MQTT is a machine-to-machine (M2M)/"Internet of Things" connectivity protocol. It was designed as an extremely lightweight publish/subscribe messaging transport. It is useful for connections with remote locations where a small code footprint is required and/or network bandwidth is at a premium. For example, it has been used in sensors communicating to a broker via satellite link, over occasional dial-up connections with healthcare providers, and in a range of home automation and small device scenarios. It is also ideal for mobile applications because of its small size, low power usage, minimised data packets, and efficient distribution of information to one or many receivers (more...)

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Open Invitation to join the MQTT Standardization discussion

August 12th, 2011 - 7 Comments

MQTT has been around for over 10 years. It has seen many successful, wide-scale implementations in that time, too. Until now, the protocol specification has been shared between IBM and Eurotech, although it is published under royalty-free terms for ease of use, understanding and implementation.

Today, we’re delighted to announce that the specification will be moved toward formal standardization. Since so many groups, communities, and individual developers have expressed an interest, we’re also very excited to make this process open for anyone to join:

The MQTT protocol specification, in the public domain since 1999, was published under royalty free terms in 2010. New M2M solutions, fuelled by exponential growth in wireless device connections, bring the need for reliable and scalable messaging. To support industry growth and ensure open connectivity, Eurotech and IBM are planning to bring the MQTT protocol to a standards organization. We welcome your interest and participation in this standardization initiative.

You can download the full announcement (PDF), which includes details of who to contact in order to get involved.

MQTT and Android make great partners

August 1st, 2011 - 5 Comments

For some reason we missed updating the site when this was first posted, but Dale Lane wrote a fantastic blog post back in February highlighting how MQTT can be used for push notifications in Android applications.

He’s even included a thorough set of sample code and some detailed thoughts on how to optimise the way the application uses the Android system APIs. It is a great reference!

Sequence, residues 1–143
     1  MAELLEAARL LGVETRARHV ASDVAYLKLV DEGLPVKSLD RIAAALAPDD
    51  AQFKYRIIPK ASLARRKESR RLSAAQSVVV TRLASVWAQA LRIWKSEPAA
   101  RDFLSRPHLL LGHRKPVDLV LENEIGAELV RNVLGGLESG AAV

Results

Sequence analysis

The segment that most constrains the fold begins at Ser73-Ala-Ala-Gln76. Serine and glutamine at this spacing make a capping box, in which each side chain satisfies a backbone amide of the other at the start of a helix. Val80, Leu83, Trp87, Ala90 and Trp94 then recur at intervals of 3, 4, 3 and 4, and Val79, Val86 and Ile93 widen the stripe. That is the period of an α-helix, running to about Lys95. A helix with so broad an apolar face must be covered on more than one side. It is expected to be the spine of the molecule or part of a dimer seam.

It doesn’t end there. Developers have been using MQTT and Android together for a while now. Ben Hardill created a simple Android app for monitoring the state of his TV. As well as that, the new Android device ADK, Android@Home, and the emergence of cool cloud services like Isidorey (another new addition to the Software page) that support MQTT natively, enable some extremely cool things. Folks continue to bridge cloud services like Pachube with MQTT, too – there’s great synergy there.

In the same way that the MQTT protocol has been ideal for minimising data usage on sensor networks in the past, it is a perfect partner for mobile applications, too.

… so… webOS or Windows Phone samples next, anyone? 🙂

More client API goodness

July 29th, 2011 - No Comments

The Software page has just been updated to reflect the addition of a new Lua client API thanks to Andy Gelme aka geekscape.

Andy created the Lua library as part of his work on the Aiko platform, a way of joining up the Internet of Things being created thanks to Open Source hardware like Arduino and the ability to run Linux on platforms like OpenWRT. He also notes that it will run on a Playstation Portable! In theory it should also be possible to run on other platforms that support Lua scripting such as Android using the Android Scripting Layer (although some work might be needed to add the library to the SL4A environment).

The Software page now lists the client APIs in alphabetical order of language implementation, with the exception of the 2 device-specific implementations for Arduino and mbed. As the note at the top of the section says…

… not all of the client APIs … are current. Some are at an early or experimental stage of development, whilst others are stable and mature … some may not provide full support for all of the features of the latest MQTT specification.

It continues to be great to see developers working with the protocol and providing their APIs for others in the community to use. We’re happy to list them here on, so please let us know if you are working on anything that should be shared. Thanks for your contributions!

Related: the mosquitto blog has been updated with a post about the Lua client.